UPS to invest $130mn in alternative fuel fleet this year
The company is to build an additional five compressed natural gas...
UPS has announced plans to invest $130mn into its compressed natural gas (CNG) fleet.
The company is to build an additional five compressed natural gas (CNG) fueling stations and add more than 700 new CNG vehicles including 400 semi-tractors and 330 terminal trucks.
It builds on previous UPS investments of $100mn in 2016 and $90mn in 2017. UPS will have invested more than $1bn in alternative fuel and advanced technology vehicles and fueling stations from 2008 through 2018.
“We strongly believe further investment in our natural gas fleet is a key element to help us achieve our long-term goals for reducing our CO2 emissions,” said Carlton Rose, president, global fleet maintenance and engineering for UPS.
“We demonstrated the effectiveness of natural gas vehicles and fuel in 2017 by using 77 million total gallon equivalents in our ground fleet. UPS is a catalyst for wide scale adoption of natural gas vehicles.”
Building CNG and LNG capacity is an important enabler for increasing UPS’s use of renewable natural gas (RNG). RNG yields up to a 90 percent reduction in lifecycle greenhouse gas emissions when compared to conventional diesel.
Last year, UPS used 15 million gallon equivalents of RNG. The company is the largest consumer of RNG in the transportation sector.
The five new CNG stations will be in Goodyear, Ariz., Plainfield, Ind., Edgerton, Kan., Fort Worth, Texas, and Arlington, Texas.
Four hundred semitractors will be supplied by Freightliner and Kenworth and 330 terminal trucks by TICO. UPS will deploy the new CNG vehicles on routes to utilise the new CNG stations as well as adding to existing natural gas fleets in other UPS locations including Atlanta, Ga., and, Salt Lake City, Utah.
UPS currently operates more than 50 natural gas fueling stations strategically located across the U.S., and, outside the U.S. in Vancouver, Canada, and Tamworth, United Kingdom.
FedEx is Reshaping Last Mile with Autonomous Vehicles
FedEx is embarking on an expanded test of autonomous, driver-less delivery vehicles to develop its last-mile logistics.
The US logistics firm piloted autonomous vehicles from Nuro in April this year, and the pair will now explore that further in a multi-year partnership. Cosimo Leipold, Nuro’s head of partnerships, said the collaboration "will enable innovative, industry-first product offerings that will better everyday life and help make communities safer and greener".
FedEx will explore a variety of on-road use cases for the autonomous fleet, including multi-stop and appointment-based deliveries, beyond the boundaries mass movement of goods from A-B. The logistics company says the exponential growth in ecommerce is spurring its experimentation in new autonomy solutions, both in-warehouse and on-road.
“FedEx was built on innovation, and it continues to be an integral part of our culture and business strategy,” said Rebecca Yeung, vice president, advanced technology and innovation, FedEx Corporation. “We are excited to collaborate with an industry leader like Nuro as we continue to explore the use of autonomous technologies within our operations.”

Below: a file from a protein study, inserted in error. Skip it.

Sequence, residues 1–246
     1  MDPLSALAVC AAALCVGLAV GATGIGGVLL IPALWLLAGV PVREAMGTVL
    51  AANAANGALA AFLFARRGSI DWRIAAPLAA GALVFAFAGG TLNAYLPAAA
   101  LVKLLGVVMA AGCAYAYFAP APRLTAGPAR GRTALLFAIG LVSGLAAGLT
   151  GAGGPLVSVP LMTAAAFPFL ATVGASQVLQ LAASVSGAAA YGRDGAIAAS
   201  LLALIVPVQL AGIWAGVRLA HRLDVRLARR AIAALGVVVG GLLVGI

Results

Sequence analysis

The changing role of couriers
Unlike structured delivery networks, operating under long-term partnerships and contracts, agility is where couriers deliver true value - and their ability to deftly solve last-mile fulfilment has most acutely been felt during the pandemic. For the billions of people around the world forced to stay at home to protect themselves and their communities from the spreading COVID-19 virus, couriers have been a constant. They may have been the only knock at the door some people experienced for weeks or months at a time.
But the last-mile has been uprooted by a boom in ecommerce, a shift that has been most apparent in the UK, US, China and Japan, according to the Global Parcel Delivery Market Insight Report 2021 by Apex Insight. These are markets with dominant economies and populations used to running their lives with a tap of a screen or double-click of a mouse.
“Getting last mile delivery right has long been a challenge for retailers,” says Kees Jacobs, Vice President, Consumer Goods and Retail at Capgemini. “In 2019, 97% of retail organisations felt their last-mile delivery models were not sustainable for full-scale implementation across all locations. Despite increasing demand from customers, companies were struggling to make the last mile profitable and efficient.”
Jacobs says that the pandemic alleviated some of these stresses in the short term. With no other option, consumers were understanding and tolerant, if not entirely happy, with longer delivery times and less transparent tracking. “But, as extremely high delivery demand continues to be normal, customers will expect brands to contract their delivery times,” he adds.
Last mile's role in ESG
Demand and volume weren’t the only things that have changed during the pandemic - businesses looked closer to home and as a result became more sustainable. Bricks and mortar stores were transformed from mini-showrooms to quasi-fulfilment centres. Online retailers and other businesses sought local solutions to ship more faster. In densely populated London, UK alone, Accenture found that delivery van emissions dropped by 17%, while Chicago, USA and Sydney, Australia saw similar emissions savings.